Oh, to be a journalist at election time. The awe of our democratic system in action… the excitement of politicians on the prowl… the pun-ish (ing) article titles… the tweets… OMG, the sweet tweets…
Based on the frantic outpouring of election-related articles, there are times you’d think the media have more at stake in this election than the politicians. Or, you know, the Canadian electorate.
Of course, the pressures must be intense. Each media outlet competing to produce the most content, the quickest coverage; racing to be the first with the latest; to take advantage of the election to sell the most advertising.
And it shows. Even Jack Layton’s ‘hashtag fail’ quote generated dozens of stories. The other day I read a feature (two pages, no less) on how much we can learn about the future of Canada from what the party leaders eat for breakfast (the media is seriously concerned about the fact Gilles Duceppe refuses to dish up). That pinnacle of reportage was surpassed within hours by a more sophisticated article which analyzed the significance of Olivia Chow taking off her jacket during a media interview, and what it says about society when politicians don’t wear sleeves (cutting edge journalism, that).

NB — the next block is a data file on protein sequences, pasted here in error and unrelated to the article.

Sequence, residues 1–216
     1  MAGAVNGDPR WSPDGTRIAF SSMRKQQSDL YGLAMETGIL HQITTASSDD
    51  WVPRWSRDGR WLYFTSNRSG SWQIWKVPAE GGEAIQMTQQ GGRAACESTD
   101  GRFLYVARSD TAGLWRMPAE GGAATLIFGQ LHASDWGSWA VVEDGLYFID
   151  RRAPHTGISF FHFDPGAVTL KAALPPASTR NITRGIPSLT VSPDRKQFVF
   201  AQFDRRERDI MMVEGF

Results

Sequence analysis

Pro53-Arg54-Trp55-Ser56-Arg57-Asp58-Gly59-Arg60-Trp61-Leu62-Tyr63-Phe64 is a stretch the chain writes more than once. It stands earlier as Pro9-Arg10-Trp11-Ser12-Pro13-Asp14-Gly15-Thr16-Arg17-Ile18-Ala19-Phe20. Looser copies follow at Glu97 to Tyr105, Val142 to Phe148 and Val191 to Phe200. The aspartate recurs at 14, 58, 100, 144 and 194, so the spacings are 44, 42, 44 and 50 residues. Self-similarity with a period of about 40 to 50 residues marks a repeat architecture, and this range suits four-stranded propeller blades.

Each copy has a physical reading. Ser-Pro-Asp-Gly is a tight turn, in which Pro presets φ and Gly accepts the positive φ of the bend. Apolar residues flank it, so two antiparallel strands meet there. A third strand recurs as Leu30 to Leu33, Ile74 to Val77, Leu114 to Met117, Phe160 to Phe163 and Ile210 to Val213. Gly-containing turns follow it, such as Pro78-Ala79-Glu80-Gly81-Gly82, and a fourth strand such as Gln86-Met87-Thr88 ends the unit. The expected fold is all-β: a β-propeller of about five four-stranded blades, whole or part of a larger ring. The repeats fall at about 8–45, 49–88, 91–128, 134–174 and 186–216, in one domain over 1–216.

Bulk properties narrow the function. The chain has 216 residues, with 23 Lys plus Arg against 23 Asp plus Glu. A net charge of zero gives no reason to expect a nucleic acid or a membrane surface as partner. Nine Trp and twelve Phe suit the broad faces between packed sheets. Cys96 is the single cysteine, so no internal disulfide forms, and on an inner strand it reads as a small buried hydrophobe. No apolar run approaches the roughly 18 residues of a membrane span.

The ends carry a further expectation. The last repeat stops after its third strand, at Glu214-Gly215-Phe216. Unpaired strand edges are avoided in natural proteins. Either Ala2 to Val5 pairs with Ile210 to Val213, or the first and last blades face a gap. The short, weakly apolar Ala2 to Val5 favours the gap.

But all these are fairly innocuous compared to the real rock star wannabes of federal politics. No, I’m not talking Stephen Harper’s piano-man fantasies. I’m talking about the opinion pollsters.
Polling: Science or Fiction?
Each year has seen polling ramped up: more polling agencies doing more of it, and media using polls more prominently than ever before. Indeed, the more well-known pollsters are becoming household names: Ipsos-Reid, Nik Nanos. News agencies speak to them daily, to have them explain to us – the voters – what we’re really thinking and why we do what we do.
Polling is dressed up in scientific lingo, but ultimately it’s merely the latest form of the ancient tradition of prediction. And it speaks to the very basic, very ancient desire to understand the complex world around us, and know what’s going to happen before it happens.
Our ancestors consulted the entrails of sheep, cut the throats of chickens, stared at the stars and entered drug-induced trances, all in the hopes of discovering what lay in their future (preferably accompanied by some reassuring explanation about why). Polling is a modern form of that: ask hundreds of people some questions, run their answers through computerized mathematical formulae, and voila! Next week’s election results, today.
Is it accurate? Well, come to think of it I did feel a celestial push to streamline my routines this week, and Venus did seem to be putting out friendly vibes. Maybe there’s something to the art of prediction after all…